The Market Ticker
Commentary on The Capital Markets

Look, play that race card well.....

On a cold Sunday afternoon 10 years ago, Comfort and Kofi Boateng stood with Comfort’s mother and their three children before a quarter-acre parcel in a brand-new subdivision in the center of Prince George’s County.

The place was called Fairwood. They stepped onto Lot 71, an empty stretch of gravel, and closed their eyes and bowed their heads. Comfort raised her hands to the sky.

$617,000 worth of house on approximately $110,000 in gross income, living in one of the highest-tax areas of the nation.

If you read Leverage you know that the historical "safe" leverage limit for home buying is 28% of one's gross.  This purchase was close to double that safe limit.

Of course this is called a "plight", never mind that the two have not made a mortgage payment in over 2,000 days, or more than six years.

That's right -- these folks are "plighted" and "horribly damaged" and it's all someone else's fault despite living for free in a $600,000 house for more than six years.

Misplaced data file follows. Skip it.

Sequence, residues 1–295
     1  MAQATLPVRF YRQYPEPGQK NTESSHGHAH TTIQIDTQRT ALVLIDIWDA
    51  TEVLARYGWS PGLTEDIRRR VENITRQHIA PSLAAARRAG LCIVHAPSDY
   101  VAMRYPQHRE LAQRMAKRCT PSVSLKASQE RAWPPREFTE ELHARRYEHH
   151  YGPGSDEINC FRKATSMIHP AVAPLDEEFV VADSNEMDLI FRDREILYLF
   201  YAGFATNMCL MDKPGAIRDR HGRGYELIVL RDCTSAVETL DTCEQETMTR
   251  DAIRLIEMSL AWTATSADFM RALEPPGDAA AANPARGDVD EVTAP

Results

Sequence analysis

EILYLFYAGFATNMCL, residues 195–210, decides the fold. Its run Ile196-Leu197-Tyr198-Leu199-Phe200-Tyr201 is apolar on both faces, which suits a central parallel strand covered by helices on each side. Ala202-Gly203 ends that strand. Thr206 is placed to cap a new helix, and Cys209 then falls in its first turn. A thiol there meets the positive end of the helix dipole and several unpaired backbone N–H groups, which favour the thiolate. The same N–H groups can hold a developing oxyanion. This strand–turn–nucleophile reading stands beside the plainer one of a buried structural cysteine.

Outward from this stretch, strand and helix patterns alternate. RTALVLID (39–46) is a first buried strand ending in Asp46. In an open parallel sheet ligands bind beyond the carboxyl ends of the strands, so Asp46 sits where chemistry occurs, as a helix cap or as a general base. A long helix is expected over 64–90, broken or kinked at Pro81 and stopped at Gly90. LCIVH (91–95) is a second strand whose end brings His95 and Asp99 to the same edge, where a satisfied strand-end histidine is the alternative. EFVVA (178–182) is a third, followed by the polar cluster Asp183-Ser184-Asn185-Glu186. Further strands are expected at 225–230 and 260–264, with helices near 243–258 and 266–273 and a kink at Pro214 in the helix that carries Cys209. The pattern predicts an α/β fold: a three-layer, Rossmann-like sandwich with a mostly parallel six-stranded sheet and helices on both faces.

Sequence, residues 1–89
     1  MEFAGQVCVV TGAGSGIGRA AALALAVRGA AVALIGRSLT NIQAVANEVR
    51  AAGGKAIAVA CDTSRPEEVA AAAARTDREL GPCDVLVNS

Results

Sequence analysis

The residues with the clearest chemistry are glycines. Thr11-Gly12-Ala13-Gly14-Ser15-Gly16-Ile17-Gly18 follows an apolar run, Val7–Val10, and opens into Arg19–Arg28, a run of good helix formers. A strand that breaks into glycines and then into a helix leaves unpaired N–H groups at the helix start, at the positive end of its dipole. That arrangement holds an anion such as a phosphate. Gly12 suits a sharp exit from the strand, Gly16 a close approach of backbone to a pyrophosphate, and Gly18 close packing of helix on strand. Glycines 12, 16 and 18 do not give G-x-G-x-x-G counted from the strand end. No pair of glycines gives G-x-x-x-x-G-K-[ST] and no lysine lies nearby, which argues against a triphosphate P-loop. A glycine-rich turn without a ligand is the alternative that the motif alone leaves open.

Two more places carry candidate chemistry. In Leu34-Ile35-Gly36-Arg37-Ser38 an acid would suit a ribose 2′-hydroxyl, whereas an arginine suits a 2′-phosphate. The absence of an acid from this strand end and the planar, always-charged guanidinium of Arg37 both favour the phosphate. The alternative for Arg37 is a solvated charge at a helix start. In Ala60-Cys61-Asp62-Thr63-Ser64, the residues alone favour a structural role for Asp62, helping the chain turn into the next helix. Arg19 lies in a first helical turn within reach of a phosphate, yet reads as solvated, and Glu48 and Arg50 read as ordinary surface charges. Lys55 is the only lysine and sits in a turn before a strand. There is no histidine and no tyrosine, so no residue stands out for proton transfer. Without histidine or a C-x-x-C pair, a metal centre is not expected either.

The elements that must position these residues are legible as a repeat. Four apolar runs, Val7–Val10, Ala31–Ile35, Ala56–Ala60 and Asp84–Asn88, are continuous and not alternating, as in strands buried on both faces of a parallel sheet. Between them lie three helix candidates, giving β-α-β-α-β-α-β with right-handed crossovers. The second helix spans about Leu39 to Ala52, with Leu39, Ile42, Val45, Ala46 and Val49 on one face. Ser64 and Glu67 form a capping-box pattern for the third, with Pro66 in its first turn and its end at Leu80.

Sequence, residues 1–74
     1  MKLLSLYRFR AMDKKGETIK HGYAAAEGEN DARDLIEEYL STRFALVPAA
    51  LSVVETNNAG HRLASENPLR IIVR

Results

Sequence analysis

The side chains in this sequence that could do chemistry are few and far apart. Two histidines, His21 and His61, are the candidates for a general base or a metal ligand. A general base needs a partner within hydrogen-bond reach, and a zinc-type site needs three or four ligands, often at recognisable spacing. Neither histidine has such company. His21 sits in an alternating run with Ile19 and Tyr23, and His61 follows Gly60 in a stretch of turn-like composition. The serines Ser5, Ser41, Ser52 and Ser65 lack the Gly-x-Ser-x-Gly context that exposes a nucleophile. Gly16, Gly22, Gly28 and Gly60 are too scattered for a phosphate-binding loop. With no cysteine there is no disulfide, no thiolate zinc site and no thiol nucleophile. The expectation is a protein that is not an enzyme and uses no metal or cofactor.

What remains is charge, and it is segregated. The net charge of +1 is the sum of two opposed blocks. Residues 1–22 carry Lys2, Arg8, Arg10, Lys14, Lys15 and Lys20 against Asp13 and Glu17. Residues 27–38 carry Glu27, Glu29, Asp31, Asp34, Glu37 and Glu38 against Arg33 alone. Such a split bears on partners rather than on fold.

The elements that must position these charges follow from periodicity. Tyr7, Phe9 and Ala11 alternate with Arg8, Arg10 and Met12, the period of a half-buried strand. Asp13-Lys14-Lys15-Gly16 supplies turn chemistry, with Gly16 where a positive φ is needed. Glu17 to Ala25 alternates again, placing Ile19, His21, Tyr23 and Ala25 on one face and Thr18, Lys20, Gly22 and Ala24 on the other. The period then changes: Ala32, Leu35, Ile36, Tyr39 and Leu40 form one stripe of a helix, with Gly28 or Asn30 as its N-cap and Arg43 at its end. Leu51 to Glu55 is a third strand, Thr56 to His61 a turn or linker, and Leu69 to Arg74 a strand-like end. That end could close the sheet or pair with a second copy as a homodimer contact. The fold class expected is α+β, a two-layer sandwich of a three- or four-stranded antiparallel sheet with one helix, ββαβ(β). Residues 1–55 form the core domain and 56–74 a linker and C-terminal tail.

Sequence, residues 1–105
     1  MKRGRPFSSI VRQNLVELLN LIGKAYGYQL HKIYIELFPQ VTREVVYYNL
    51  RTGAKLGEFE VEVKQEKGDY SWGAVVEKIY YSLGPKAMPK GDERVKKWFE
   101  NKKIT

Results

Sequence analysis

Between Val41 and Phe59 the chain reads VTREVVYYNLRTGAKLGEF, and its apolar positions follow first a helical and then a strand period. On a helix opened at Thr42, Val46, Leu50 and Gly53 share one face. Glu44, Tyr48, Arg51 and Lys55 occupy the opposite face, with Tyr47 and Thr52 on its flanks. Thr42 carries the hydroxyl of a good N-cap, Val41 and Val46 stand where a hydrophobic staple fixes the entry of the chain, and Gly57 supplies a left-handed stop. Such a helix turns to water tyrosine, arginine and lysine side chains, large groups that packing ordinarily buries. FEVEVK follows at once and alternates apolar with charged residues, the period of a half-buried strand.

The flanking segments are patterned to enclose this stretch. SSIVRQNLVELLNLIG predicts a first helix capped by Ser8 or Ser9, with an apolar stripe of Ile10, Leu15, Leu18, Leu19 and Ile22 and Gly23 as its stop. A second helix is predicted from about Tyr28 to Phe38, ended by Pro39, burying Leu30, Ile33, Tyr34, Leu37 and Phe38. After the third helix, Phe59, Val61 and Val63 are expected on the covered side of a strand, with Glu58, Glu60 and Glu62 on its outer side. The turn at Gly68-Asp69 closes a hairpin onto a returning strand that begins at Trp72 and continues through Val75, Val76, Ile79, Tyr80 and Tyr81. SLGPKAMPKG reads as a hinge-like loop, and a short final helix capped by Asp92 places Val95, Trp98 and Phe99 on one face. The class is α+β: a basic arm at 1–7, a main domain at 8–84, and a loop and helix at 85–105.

Why six years?  That's kind of obvious -- the banks do not wish to recognize the loss on resale of the house that is worth far less than was lent on it, and if they foreclose and then resell it, they'll have to do that.  So they "let" the couple live there for free because it makes their balance sheet look better. 

In other words this couple gets a "free ride" by aiding and abetting fraud at the lender who "granted" them the loan!

It gets even better.  Five years earlier than their act of stupidity with this house they bought a nicely-affordable townhouse for $129,000!

But then they decided to have more kids (a choice), and suddenly "needed" more house.  Five times as much house, to be exact, in dollar terms.

Oh, and that wasn't all.  There was borrowing going on by one of the spouses without the other's knowledge, there was Mary Kay, there was all sorts of financial engineering -- including signing a piece of paper at the closing that their financial situation had not changed while knowing it had as the husband had been laid off in the interim.

In other words they appear to have committed mortgage fraud as well.

But they're victims, you see.  They were taken advantage of, despite being active in the deception.

Never mind the magical thinking.